Starring: Zac Efron, Miles Teller, Michael B. Jordan
Director: Tom Gormican
Running Time: 94 mins
That Awkward Moment is an American film about three friends who all find themselves stuck in their respective romantic relationships, wondering whether there’s more to come or if it’s time to start anew.
While this film ultimately isn’t the world’s most hilarious or impressive romantic comedy, I have to say that it starts off with great promise, complete with three entertaining performances and a moderately unique take on the genre. As good as it is for the first half or so, though, the film does unfortunately descend into something a little more predictable and sappy, taking away the surprising energy and entertainment value it had at first.
Let’s start off on the bright side, with the fact that this isn’t your bog standard romantic comedy right the way through. Following three young men all hitting a point in their lives where they start to question the relationships they are in, as well as wonder whether or not they can go it alone without a partner, the film portrays the typical rom-com formula from a different perspective, with the main characters doing everything to avoid getting involved in a typical relationship.
Of course, Hollywood custom dictates that that can’t last forever, however the opening half of the movie, where we see the three all over the place with their plans and emotions, jumping in and out of relationships in a manic yet pleasingly grounded and believable manner.
Meanwhile, the three friends re-engage with each other as they share a common goal to avoid getting involved in a relationship, and the three leads in Zac Efron, Miles Teller and Michael B. Jordan are all great to watch. I can’t quite say that their chemistry is electric right the way through, and the moments in which we see the trio clashing are strangely more convincing than any moment showing the strength of their friendship.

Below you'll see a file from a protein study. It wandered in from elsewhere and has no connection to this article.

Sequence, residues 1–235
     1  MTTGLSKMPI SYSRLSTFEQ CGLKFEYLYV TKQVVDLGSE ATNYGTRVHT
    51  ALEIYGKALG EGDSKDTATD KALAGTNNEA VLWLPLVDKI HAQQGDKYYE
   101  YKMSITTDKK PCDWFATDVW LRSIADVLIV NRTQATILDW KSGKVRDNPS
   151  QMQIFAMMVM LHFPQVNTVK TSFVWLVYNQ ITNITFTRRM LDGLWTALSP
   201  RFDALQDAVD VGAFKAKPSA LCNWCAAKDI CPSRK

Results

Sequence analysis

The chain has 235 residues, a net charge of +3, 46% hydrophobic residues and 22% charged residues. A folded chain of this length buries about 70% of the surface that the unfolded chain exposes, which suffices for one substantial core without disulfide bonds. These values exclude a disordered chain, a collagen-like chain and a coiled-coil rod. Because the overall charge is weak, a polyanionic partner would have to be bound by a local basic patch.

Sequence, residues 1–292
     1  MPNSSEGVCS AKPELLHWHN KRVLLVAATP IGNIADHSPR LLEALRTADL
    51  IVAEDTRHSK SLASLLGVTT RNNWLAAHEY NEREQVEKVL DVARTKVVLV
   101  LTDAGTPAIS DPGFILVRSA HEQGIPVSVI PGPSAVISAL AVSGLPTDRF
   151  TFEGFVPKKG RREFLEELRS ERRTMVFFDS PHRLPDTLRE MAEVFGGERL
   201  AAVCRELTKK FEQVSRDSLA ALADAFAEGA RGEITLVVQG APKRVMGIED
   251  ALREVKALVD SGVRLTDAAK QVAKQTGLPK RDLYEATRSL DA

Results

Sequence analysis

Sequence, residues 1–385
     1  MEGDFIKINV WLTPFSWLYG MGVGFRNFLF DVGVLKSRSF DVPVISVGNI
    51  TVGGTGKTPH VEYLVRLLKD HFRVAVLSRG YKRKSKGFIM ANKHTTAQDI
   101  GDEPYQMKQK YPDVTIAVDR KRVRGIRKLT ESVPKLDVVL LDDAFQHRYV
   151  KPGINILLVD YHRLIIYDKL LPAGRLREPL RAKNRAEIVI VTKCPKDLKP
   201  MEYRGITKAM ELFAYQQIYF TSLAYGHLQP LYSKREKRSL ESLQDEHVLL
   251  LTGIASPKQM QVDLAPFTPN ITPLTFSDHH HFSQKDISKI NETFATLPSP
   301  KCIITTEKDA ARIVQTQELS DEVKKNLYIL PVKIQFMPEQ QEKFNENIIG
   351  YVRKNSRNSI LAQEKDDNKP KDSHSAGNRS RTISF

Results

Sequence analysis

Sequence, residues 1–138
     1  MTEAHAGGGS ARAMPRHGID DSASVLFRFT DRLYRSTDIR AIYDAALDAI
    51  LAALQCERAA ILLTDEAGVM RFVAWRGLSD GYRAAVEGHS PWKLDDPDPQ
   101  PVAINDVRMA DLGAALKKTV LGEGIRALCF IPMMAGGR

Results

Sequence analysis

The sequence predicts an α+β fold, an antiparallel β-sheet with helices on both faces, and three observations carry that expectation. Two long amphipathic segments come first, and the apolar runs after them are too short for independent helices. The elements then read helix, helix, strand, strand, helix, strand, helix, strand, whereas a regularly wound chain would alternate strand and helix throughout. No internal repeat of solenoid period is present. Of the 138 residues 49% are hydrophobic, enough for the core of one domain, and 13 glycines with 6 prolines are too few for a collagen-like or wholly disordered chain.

Still, the three actors are all good fun throughout, with Efron in particular starring in a charming and entertaining role, with his strong charisma shining through once again alongside his excellent comedic ability.
In all truth, though, that’s about it for That Awkward Moment. Its first half is entertaining and a little different from the typical rom-com fare, but the remainder of the film sees the story take a disappointingly formulaic and predictable route to the finale, ending up in a rather sappy and far less enjoyable rut as we see the main characters inevitably get involved in their respective relationships that they’ve been trying to dodge all along.
If there were a little more focus on the emotional connection between the characters – both between the three friends and with their respective partners – then I would have been able to sympathise more with the inevitable in the third act.
However, the transition from fairly jokey rom-com to sappy romance in the third act is unconvincing and jarring, and it leads to annoying run to the finish where we lose the energy and entertainment value that was present in the first half of the movie.
Overall, then, I did enjoy That Awkward Moment to a degree, but it also proved somewhat of a disappointing watch as it fails to keep up a surprisingly enjoyable and unique take on the rom-com genre right the way through, which is why I’m giving it a 7.2.